# Implementation of Coppersmith attack (RSA attack using lattice reductions) posted February 2015

I've implemented the work of **Coppersmith** (to be correct the reformulation of his attack by **Howgrave-Graham**) in Sage.

You can see the code here on github.

I won't go too much into the details because this is for a later post, but you can use such an attack on several **relaxed RSA models** (meaning you have partial information, you are not totally in the dark).

I've used it in two examples in the above code:

## Stereotyped messages

For example if **you know the most significant bits of the message**. You can **find the rest of the message** with this method.

The usual RSA model is this one: you have a ciphertext `c`

a modulus `N`

and a public exponent `e`

. Find `m`

such that `m^e = c mod N`

.

Now, this is the **relaxed model** we can solve: you have `c = (m + x)^e`

, you know a part of the message, `m`

, but you don't know `x`

.
For example the message is always something like "*the password today is: [password]*".
Coppersmith says that if you are looking for `N^1/e`

of the message it is then a `small root`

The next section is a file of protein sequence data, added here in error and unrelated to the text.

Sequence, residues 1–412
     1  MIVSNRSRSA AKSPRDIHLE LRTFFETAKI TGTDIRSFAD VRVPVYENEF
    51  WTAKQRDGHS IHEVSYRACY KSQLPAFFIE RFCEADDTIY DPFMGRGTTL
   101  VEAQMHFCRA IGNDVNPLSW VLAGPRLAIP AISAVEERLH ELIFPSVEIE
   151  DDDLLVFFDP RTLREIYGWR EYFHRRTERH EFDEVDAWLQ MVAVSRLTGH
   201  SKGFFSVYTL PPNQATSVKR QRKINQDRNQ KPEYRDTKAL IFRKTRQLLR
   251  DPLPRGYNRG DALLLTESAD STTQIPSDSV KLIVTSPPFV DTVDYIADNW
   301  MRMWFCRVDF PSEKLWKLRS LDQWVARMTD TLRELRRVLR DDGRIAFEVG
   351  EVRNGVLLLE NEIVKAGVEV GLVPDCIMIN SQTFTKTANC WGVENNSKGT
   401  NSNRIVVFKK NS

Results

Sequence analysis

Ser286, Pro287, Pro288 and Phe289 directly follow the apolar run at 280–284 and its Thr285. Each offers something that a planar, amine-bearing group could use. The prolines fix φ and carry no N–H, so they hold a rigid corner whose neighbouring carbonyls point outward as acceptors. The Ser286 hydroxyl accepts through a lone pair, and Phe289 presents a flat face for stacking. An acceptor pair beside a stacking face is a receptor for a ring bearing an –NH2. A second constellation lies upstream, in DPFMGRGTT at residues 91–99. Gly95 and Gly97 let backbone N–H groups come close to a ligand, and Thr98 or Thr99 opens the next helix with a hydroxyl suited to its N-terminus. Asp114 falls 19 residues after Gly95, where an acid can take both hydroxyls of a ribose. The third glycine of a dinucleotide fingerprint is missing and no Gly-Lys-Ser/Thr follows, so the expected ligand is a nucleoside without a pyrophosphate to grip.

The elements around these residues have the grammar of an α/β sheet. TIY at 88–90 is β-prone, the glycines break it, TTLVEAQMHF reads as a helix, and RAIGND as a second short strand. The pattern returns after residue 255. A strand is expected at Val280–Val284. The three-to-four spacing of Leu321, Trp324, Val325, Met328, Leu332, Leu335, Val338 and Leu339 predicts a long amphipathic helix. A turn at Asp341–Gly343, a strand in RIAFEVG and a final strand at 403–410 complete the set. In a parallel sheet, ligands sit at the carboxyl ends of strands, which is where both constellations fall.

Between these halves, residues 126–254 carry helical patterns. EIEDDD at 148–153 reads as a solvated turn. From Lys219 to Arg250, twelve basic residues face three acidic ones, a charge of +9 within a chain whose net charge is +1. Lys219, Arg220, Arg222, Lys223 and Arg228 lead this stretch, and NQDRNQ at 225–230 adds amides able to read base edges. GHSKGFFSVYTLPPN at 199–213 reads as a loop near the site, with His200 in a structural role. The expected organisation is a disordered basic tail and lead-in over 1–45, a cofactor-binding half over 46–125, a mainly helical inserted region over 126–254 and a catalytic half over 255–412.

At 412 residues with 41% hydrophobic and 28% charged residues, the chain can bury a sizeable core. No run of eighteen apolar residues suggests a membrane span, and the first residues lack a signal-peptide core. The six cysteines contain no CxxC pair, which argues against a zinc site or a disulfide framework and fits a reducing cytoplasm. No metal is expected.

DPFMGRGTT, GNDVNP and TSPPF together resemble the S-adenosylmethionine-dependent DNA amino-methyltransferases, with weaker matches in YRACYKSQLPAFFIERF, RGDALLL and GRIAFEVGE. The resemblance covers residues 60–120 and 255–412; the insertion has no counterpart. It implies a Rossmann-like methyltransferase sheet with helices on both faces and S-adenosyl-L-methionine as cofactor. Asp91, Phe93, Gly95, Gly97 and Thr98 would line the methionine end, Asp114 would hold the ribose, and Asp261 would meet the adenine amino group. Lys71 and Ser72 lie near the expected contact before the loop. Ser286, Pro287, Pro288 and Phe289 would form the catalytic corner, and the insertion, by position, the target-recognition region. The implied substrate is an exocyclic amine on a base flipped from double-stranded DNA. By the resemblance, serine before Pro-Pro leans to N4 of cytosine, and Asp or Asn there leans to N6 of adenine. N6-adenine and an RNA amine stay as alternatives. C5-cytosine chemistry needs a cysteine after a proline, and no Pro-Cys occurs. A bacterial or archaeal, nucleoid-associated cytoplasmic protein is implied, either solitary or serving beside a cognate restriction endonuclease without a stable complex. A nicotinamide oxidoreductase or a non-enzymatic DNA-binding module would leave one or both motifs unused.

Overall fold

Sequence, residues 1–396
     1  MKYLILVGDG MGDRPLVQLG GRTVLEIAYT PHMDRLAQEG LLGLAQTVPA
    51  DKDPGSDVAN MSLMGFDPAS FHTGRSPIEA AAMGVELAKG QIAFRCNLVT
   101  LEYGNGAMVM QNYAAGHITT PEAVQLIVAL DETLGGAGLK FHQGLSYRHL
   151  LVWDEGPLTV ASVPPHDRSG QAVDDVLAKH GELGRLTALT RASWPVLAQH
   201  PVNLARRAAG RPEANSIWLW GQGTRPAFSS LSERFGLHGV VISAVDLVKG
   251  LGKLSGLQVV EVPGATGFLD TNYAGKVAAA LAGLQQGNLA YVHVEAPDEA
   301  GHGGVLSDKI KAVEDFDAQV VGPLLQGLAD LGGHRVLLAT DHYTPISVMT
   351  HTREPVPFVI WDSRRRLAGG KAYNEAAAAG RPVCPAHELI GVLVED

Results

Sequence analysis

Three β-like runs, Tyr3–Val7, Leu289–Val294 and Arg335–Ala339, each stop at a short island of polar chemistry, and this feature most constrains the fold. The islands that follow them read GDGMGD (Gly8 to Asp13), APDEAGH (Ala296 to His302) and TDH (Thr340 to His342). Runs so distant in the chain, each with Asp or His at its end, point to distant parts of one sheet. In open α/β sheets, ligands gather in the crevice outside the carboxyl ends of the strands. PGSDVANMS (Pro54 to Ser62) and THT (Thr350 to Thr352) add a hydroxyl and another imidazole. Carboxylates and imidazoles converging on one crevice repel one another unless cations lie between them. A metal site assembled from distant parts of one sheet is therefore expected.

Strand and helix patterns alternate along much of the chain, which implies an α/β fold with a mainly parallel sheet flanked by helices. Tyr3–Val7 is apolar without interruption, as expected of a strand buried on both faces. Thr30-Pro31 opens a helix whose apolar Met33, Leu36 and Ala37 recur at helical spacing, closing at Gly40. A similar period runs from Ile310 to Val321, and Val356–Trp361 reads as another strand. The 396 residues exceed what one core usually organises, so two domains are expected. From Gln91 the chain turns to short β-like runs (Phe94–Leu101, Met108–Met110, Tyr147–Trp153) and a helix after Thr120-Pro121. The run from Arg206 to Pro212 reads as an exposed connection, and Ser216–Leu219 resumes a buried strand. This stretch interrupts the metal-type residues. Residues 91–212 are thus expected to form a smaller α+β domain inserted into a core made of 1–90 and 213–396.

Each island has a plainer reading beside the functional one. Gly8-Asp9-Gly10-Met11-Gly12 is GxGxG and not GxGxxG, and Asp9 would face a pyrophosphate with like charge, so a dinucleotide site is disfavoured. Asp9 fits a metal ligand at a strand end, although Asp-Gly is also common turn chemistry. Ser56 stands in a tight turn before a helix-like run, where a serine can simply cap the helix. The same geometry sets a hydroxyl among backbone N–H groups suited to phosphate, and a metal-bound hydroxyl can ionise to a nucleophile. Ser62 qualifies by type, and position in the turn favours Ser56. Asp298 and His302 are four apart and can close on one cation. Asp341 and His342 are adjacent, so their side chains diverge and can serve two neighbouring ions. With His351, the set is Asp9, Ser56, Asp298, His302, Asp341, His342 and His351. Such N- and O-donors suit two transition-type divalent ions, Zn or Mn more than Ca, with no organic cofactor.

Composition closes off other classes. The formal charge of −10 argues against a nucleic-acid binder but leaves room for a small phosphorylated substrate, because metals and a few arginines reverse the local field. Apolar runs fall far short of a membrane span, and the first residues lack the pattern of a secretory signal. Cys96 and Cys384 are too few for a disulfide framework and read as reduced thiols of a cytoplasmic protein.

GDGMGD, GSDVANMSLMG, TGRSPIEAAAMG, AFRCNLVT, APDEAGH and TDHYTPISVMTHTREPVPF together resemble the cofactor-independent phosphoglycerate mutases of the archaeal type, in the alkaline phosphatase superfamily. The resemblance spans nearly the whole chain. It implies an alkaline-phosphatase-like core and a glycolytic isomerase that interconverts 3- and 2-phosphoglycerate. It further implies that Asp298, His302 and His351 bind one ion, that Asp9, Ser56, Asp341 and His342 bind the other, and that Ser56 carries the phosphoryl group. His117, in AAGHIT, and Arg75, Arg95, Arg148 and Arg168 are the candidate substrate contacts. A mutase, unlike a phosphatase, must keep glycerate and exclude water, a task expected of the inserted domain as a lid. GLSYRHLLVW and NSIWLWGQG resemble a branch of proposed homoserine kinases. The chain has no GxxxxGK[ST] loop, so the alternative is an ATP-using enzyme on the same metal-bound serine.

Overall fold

and you should be able to find it pretty quickly.

let our polynomial be `f(x) = (m + x)^e - c`

which has a root we want to find `modulo N`

. Here's how to do it with my implementation:

```
dd = f.degree()
beta = 1
epsilon = beta / 7
mm = ceil(beta**2 / (dd * epsilon))
tt = floor(dd * mm * ((1/beta) - 1))
XX = ceil(N**((beta**2/dd) - epsilon))
roots = coppersmith_howgrave_univariate(f, N, beta, mm, tt, XX)
```

You can play with the values until it finds the root. The default values should be a good start. If you want to tweak:

- beta is always 1 in this case.
`XX`

is your upper bound on the root.**The bigger is the unknown, the bigger XX should be**. And the bigger it is... the more time it takes.

## Factoring with high bits known

Another case is factoring `N`

knowing high bits of `q`

.

The Factorization problem normally is: give `N = pq`

, find `q`

. In our **relaxed** model we know an approximation `q'`

of `q`

.

Here's how to do it with my implementation:

let `f(x) = x - q'`

which has a root `modulo q`

.

This is because `x - q' = x - ( q + diff ) = x - diff mod q`

with the difference being `diff = | q - q' |`

.

```
beta = 0.5
dd = f.degree()
epsilon = beta / 7
mm = ceil(beta**2 / (dd * epsilon))
tt = floor(dd * mm * ((1/beta) - 1))
XX = ceil(N**((beta**2/dd) - epsilon)) + 1000000000000000000000000000000000
roots = coppersmith_howgrave_univariate(f, N, beta, mm, tt, XX)
```

What is important here if you want to find a solution:

- we should have
`q >= N^beta`

- as usual
`XX`

is the upper bound of the root, so the difference should be:`|diff| < XX`